Language and Society

Language and Society

Language and Society

Language and Society

Excerpt

Language and Society is an introductory but systematic treatment of the ubiquitous and frequently strategic role of language in the life of man. The significance of this role is revealed whatever avenue we follow in studying human conduct. We may concentrate upon personality development, for example, or upon group life or the persistencies and changes of culture or historical matters or international affairs, but ultimately we are faced with the task of understanding the nature of language and its functions.

Some of these functions are indispensable for human society. Thus "a structural system of arbitrary vocal symbols by means of which members of a social group interact," to use the author's definition of language, is essential to the socialization of the individual, on the one hand, and, on the other, a requirement for the maintenance of society itself. Possession and use of language as here understood justify the depiction of man as a unique animal and his way of life as an unparalleled type of social order. Moreover, language often helps to bring together diverse cultures, extending the range of communication and thus contributing to the expansion of community. Students of language sometimes stress its potential role in cementing a community of world-wide dimensions.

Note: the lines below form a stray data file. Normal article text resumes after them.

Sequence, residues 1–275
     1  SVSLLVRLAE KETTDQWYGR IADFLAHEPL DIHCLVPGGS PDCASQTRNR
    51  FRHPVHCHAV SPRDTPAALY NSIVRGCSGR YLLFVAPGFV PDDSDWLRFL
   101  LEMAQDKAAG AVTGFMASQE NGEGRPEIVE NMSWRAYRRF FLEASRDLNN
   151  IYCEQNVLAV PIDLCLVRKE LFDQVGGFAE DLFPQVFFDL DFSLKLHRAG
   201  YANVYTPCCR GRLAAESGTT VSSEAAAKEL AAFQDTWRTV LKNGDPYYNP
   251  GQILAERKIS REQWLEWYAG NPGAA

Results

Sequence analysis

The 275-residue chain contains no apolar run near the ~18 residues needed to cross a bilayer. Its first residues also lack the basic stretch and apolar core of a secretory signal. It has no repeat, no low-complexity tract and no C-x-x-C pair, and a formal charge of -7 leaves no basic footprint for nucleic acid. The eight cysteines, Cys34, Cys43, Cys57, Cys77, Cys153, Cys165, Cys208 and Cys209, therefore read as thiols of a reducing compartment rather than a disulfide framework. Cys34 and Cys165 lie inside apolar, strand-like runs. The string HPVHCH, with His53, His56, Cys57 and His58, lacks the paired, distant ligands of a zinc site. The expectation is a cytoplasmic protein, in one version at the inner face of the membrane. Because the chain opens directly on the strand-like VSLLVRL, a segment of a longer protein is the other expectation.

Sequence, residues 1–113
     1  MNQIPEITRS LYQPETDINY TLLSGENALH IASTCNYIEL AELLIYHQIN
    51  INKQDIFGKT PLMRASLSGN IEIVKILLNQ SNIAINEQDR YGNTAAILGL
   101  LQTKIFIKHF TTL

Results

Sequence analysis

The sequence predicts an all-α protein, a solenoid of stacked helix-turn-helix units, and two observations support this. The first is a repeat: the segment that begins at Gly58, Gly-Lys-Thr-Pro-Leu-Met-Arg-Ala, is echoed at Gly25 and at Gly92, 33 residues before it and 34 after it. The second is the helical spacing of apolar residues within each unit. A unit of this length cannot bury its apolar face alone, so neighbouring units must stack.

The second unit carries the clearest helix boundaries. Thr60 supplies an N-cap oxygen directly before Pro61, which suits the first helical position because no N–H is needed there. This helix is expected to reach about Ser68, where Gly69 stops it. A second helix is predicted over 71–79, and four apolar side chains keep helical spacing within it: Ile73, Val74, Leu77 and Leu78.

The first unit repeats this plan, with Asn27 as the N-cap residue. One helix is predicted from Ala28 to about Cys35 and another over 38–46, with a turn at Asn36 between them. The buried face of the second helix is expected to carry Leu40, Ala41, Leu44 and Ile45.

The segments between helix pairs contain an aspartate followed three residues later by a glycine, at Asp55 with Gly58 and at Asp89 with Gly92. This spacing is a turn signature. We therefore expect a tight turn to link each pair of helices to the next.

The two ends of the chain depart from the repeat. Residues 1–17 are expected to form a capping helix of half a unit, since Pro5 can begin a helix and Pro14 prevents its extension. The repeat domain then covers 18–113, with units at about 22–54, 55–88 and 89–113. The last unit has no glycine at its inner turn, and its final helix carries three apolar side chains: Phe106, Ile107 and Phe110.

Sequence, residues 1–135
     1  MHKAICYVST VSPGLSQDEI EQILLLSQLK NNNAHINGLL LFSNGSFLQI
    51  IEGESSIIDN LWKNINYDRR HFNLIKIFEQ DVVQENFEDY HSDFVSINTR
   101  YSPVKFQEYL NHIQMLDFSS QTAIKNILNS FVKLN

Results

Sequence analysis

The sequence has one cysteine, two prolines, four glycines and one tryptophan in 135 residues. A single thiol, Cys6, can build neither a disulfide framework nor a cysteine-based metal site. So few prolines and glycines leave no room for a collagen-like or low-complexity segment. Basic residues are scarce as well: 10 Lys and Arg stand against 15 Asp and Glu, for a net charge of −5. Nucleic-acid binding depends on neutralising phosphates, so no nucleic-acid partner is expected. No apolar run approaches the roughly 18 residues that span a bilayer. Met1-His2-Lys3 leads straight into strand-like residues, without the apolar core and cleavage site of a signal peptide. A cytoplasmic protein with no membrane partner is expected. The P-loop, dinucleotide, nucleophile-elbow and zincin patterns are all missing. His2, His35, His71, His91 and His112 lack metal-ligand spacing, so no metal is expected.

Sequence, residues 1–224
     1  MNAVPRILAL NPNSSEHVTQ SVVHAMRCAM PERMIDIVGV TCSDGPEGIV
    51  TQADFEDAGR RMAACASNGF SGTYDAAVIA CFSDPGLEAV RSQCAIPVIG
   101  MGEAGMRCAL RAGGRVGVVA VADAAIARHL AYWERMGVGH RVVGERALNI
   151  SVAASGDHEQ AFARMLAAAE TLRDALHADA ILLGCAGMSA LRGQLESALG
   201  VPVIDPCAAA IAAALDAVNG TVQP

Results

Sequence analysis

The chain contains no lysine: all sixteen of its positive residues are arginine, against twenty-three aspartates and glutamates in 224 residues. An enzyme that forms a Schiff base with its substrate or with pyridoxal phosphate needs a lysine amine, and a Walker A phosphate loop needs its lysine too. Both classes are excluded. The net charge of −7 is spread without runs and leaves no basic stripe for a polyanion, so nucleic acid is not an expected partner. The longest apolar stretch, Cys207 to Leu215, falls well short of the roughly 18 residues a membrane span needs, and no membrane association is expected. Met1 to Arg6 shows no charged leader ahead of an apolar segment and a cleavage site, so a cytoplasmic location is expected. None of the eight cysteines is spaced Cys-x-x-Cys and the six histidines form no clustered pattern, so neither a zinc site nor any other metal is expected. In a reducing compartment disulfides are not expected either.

But the use (and misuse) of language and the attitudes and sentiments to which it is attached also shorten the reach of contact and narrow the area of understanding among human beings. If a system of language is an essential component of individual and social stability it nevertheless serves to exacerbate social disorder and, perhaps, individual disorganization as well. These negative functions are no doubt exaggerated by some semanticists, especially by those writers for whom faulty communication is the basic source of human conflict and anxiety. This study makes no such claims. Yet both negative and positive contributions of language--to socialization, social organization, cultural and social change, and intra- and international relations--are clarified and illustrated.

Knowledge of the nature and roles of language is provided by several special fields of inquiry, specializations that have been stimulated by problems confronted in various disciplines, including literary study, philosophy . . .

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